AngularJS Custom Directives Tutorial Part 2

Filed Under: AngularJS

In the previous post, we created a simple directive to manipulate the DOM’s behavior. In this post, we are going to describe the directive properties.

Directive Properties

Earlier we looked at the usage of template and templateUrl properties. Now we are going to look at the other directive properties.

  • restrict: This property Determines where a directive can be used (as an element, attribute, CSS class, or a comment).
  • scope : Used to create and isolate the scope.
  • template : Defines the content that should be output from the directive. Can include HTML, data binding expressions, and even other directives.
  • templateUrl : Provides the path to the template that should be used by the directive.
  • controller : Used to define the controller associated with the directive template.
  • controllerAs : Controller alias at the directive scope.
  • priority : Used to specify the order in which the directives are applied when there are multiple directives defines on a single DOM element.
  • link : Defines the function used for DOM manipulation tasks.
  • compile : The compile function deals with transforming the template DOM.
  • transclude: Extract the contents of the element where the directive appears and make it available to the directive. The contents are compiled and provided to the directive as a transclusion function.

You can check the official Angular documentation for more details.

Restriction in Directives

When you create a directive, it is restricted to attribute and elements only by default. In order to create directives that are triggered by class name, you need to use the restrict option.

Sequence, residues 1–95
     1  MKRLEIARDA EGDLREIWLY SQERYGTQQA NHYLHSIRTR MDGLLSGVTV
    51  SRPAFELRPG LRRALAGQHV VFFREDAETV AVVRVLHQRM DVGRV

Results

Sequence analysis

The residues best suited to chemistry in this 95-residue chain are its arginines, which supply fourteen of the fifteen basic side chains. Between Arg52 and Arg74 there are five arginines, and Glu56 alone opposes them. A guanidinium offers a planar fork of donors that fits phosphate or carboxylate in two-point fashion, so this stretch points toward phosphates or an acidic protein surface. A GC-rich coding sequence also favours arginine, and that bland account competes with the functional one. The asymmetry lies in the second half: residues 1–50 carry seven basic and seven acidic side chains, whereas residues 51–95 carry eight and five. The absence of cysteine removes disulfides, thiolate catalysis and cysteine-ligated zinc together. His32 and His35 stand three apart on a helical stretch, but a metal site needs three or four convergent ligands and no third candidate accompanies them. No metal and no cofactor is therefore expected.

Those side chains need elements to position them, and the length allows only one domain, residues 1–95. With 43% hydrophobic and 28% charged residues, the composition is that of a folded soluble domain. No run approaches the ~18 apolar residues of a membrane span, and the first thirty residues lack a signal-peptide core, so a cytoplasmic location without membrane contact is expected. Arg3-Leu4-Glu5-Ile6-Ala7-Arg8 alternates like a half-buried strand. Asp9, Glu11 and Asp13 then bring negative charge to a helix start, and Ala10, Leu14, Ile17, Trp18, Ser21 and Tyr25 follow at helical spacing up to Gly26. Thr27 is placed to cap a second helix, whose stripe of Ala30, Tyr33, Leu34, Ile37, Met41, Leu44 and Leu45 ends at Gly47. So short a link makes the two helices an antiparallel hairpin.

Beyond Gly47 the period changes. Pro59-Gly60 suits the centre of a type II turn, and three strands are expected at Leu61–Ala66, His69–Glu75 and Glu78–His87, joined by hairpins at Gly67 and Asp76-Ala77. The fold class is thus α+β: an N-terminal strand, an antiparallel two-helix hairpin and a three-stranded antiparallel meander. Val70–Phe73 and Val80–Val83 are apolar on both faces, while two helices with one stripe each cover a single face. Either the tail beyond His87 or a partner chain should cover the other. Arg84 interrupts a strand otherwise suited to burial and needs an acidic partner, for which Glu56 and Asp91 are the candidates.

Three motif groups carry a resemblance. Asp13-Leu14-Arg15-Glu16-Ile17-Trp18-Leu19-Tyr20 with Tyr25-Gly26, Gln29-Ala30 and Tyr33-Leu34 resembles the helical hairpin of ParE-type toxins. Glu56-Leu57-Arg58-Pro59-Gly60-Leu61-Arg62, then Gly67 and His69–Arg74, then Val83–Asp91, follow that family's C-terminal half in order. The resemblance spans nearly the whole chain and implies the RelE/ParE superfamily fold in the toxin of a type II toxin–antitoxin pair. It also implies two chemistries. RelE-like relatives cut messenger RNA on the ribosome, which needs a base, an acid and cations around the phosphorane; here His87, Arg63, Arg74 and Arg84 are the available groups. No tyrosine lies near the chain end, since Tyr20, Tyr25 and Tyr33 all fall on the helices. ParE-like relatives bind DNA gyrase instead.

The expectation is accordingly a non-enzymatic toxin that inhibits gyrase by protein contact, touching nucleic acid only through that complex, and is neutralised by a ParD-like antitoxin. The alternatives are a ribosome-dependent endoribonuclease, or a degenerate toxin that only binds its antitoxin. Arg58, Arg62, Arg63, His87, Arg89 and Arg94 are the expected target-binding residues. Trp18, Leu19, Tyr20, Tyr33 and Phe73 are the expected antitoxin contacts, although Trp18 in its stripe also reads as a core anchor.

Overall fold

Angular provides different options to restrict the usage of directives.

Following section demonstrates the usage of the restrict options.

‘A’ – This directive is applied only when attribute name is matched.

<div my-directive="expression"></div>

‘E’ – This directive is applied only when element name is matched.


‘C’ – This directive is applied only when class name is matched.

<div class="my-directive:expression;"></div>

‘M’ – used in a comment.

<!-- directive: my-directive expression-->

We can also combine these restrictions as needed:

‘AEC’ – matches either attribute or element or class name

Syntax for Using Directive properties

Following script demonstrates the syntax for using directive properties. You don’t have to use all of these properties to create a directive. You can use these directive properties depending on your requirement.

var app = angular.module('moduleName', []);
    app.directive('directiveName', function () {
    return {
        restrict: 'EA', //E = element, A = attribute, C = class, M = comment
        scope: { },
        templateUrl: 'mytemplate.html',
        controller: function() { }, //define controller in the directive
        link: function () { }

Using Directive Properties

The following example demonstrates the usage of above-mentioned properties to create a directive called myEmployee.

var app = angular.module('mainApp', []);

app.directive('myEmployee', function() {

  return {
      restrict: 'EA',
      scope:{}, //isolate scope.
      link: function(){
	  alert("Hello, I'm working.");
     template: "<div>My First Directive.</div>"


We can use the  myEmployee directive as an attribute or element. We use link function in the above example to alert a message.

    <title>AngularJS Custom Directive Tutorial</title>
    <script src=""></script>
    <script src="app.js"></script>

<div ng-app="mainApp">
    <div my-employee></div>


You will see the following output in your browser.

That’s all for now and we will look deeper into these properties in the coming posts.


  1. Rolex says:

    Its great help. I didnt find such clear article. Appreciated. Would be better if you could list all angular blog in seperate link. Thank you

  2. Andrey says:

    Thank you very much.

    Very useful series of tutorials for those who just started to get familiar with Angular

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